Thursday, July 17, 2008

How good are your meetings?

A friend of mine questioned my apparent need to have fully formed thoughts before I post them in my blog. He's right, of course. So today, I'm just going to question someone's judgement.

I was walking across the street the other day when I saw this ad.

In case you can't read it, it says "Meetings" - "This is how it should feel."

Now, I actually quite like Westin. Their hotels have always been great and they take good care of me. But I'm starting to wonder if any of them have ever been in a meeting.

I've been in some good meetings over the years. The kind that you walk out of and feel all pumped up and ready to change the world. The kind where you high-five each other, then fell like a big loser for giving someone a high-five. But no meeting I've ever been in has ever felt like sky diving.

And, while I could perhaps understand that this might be seen as aspirational, this just might be taking things a little too far. Because, even if my meeting took place on a plane at 10,000 ft. and at the end we all jumped out the door and freefell to earth, it still probably wouldn't be as good as the meeting shown in the picture.

I suspect that anyone booking a meeting at Westin expecting this experience is going to be sorely disappointed. I wonder if there's a guarantee available. I think I have to accuse Westin of overpromising.

(For the record, I have been skydiving. I enjoyed it, but it wasn't the greatest experience of my life. I've never gone again.)

Lastly, maybe I'm reading this all wrong. Maybe meetings aren't supposed to be this good, but this bad. Maybe a meeting is supposed to feel like you've just jumped from a plane, you're plummeting to earth, and your chute won't open. I'll admit that I have been in some meetings that were like that.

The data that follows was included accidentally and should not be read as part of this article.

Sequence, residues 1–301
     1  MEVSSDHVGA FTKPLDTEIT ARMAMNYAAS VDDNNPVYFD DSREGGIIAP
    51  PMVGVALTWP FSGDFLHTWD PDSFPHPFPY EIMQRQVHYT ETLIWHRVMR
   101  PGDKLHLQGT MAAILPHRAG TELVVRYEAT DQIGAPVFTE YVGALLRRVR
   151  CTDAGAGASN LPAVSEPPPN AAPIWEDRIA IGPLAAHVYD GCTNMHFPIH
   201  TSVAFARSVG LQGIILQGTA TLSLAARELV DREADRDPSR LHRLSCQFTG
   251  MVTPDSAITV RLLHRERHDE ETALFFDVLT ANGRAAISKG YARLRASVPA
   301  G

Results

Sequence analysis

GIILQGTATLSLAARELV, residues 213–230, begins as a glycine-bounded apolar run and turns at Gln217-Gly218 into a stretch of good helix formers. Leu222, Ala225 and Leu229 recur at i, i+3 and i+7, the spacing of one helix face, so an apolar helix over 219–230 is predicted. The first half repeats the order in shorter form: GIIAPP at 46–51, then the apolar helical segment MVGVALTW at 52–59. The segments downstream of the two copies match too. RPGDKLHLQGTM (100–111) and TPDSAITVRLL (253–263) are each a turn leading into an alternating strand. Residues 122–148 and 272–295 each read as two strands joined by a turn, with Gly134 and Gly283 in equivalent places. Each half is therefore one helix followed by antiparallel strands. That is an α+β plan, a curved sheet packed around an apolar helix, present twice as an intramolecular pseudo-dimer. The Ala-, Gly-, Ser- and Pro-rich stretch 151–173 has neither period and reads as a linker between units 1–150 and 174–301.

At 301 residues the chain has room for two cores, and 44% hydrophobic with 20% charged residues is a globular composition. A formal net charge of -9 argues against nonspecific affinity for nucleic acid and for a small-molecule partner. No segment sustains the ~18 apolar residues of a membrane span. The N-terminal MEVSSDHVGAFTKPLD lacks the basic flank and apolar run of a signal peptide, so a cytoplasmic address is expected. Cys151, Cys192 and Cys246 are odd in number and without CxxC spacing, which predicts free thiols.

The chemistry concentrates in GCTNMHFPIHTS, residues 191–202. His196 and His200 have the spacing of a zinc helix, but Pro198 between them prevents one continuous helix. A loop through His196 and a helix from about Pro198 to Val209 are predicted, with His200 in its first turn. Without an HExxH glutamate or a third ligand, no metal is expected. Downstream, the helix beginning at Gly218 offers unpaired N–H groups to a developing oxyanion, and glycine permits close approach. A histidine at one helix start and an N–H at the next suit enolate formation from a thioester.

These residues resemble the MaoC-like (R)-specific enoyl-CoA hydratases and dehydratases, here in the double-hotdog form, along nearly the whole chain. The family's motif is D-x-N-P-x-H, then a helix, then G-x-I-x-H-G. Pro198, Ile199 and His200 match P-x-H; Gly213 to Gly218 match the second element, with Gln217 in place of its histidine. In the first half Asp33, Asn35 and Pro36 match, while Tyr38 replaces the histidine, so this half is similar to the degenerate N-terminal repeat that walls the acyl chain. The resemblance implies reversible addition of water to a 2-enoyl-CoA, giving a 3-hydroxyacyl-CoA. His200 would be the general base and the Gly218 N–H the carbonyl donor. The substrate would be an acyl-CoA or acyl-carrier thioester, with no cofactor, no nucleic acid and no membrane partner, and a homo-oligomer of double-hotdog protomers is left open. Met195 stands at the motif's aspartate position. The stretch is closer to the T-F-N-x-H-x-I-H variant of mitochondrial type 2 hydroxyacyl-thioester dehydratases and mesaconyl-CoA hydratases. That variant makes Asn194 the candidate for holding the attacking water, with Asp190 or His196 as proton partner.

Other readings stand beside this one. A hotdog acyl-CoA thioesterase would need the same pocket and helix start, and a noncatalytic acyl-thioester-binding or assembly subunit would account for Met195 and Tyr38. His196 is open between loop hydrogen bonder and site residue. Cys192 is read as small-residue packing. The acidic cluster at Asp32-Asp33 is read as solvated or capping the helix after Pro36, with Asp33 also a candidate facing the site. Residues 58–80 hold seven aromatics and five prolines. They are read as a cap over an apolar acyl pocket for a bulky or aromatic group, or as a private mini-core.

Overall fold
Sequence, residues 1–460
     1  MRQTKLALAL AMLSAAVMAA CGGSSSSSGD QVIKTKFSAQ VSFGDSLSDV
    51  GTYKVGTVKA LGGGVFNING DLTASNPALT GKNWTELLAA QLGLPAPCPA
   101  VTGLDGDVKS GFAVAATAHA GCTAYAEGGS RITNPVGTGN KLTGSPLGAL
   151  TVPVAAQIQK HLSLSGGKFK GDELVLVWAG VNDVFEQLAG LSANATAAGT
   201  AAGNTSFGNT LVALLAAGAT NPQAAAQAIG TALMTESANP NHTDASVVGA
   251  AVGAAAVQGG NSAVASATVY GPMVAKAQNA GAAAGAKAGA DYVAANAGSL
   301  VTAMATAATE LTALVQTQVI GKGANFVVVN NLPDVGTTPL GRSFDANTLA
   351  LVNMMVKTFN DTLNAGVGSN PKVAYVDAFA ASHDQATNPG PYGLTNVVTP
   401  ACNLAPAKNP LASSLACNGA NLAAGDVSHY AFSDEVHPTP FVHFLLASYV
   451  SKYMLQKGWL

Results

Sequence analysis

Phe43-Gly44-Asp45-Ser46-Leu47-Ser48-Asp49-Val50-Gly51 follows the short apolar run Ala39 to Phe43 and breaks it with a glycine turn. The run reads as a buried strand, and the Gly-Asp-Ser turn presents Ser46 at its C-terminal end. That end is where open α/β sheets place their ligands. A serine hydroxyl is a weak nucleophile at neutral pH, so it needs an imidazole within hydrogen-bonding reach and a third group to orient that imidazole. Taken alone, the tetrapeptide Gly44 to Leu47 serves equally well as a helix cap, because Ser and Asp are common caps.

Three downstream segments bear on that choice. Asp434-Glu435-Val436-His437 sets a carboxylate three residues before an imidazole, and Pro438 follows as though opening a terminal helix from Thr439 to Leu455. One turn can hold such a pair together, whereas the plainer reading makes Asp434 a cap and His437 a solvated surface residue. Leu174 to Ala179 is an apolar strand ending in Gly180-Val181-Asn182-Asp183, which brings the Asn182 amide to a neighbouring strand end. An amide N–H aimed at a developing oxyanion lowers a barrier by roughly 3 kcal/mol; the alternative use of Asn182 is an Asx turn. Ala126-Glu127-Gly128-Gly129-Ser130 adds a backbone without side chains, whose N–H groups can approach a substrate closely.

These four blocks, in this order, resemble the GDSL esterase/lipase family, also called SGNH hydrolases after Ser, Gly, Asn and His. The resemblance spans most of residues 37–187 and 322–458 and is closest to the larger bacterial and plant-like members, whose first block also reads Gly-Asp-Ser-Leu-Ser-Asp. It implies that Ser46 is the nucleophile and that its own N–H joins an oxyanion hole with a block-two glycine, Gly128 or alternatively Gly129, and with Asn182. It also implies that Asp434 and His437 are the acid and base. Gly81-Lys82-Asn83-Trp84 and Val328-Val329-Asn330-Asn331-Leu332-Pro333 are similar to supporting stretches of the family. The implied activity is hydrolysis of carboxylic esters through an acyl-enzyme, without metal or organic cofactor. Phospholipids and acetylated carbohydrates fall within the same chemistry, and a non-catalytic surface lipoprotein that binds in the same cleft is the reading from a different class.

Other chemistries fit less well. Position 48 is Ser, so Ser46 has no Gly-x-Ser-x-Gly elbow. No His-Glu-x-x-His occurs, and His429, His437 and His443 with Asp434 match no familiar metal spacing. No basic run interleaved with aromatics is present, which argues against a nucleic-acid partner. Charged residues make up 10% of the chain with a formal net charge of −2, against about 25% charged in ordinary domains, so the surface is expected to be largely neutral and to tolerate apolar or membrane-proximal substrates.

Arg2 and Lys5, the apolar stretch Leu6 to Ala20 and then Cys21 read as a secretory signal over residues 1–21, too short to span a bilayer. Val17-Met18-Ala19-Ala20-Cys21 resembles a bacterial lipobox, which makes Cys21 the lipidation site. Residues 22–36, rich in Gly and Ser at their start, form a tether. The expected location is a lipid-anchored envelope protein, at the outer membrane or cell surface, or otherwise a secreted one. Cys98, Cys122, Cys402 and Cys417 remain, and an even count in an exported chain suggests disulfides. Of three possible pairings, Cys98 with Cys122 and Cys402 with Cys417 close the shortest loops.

Or, maybe I'm still missing the point altogether. Is there some brilliant insight I'm missing?

Wednesday, July 16, 2008

Starbuck's Little Green Sticks

So, I'm at Starbucks the other day getting my morning coffee.

When they gave me my pipin' hot cup, I also had the option of taking a little green stick with a wide bit at the end, to put into the hole in the plastic lid on my cup. It's a nice looking little stick, with a mermaid at the end.


At first glance, this stick is brilliant. After years of walking around with my cup, facing the danger of hot coffee jumping out of the cup and onto my hand, Starbucks had found a way to protect me and my tender skin. (Or shirt, which has also frequently been the victim of a coffee escape.)


I had been thinking about this coffee spillage situation recently, when I had gone to a Tim Horton's, which uses the old school folding-back lid for its cups. This prevents splashing when you're carrying around the coffee, but it gives you a potentially sharp edge when you're drinking, which isn't entirely pleasant. Timmy had focussed on convenience while Starbucks had focussed on the drinking experience.

Upon further consideration, this stick is just a little bit of a terrible idea. First, let's say I do grab one of the sticks to keep my coffee from spilling on me while I drive. Now, when I decide to remove the stick to drink my coffee, what am I supposed to do with the stick? It's now dirty from being in my coffee, so I don't really want to put it on my car, but it can't stay in the cup if I'm going to drink. They seemed to consider the portability issue without actually considering that someone would at some point want to actually drink their coffee.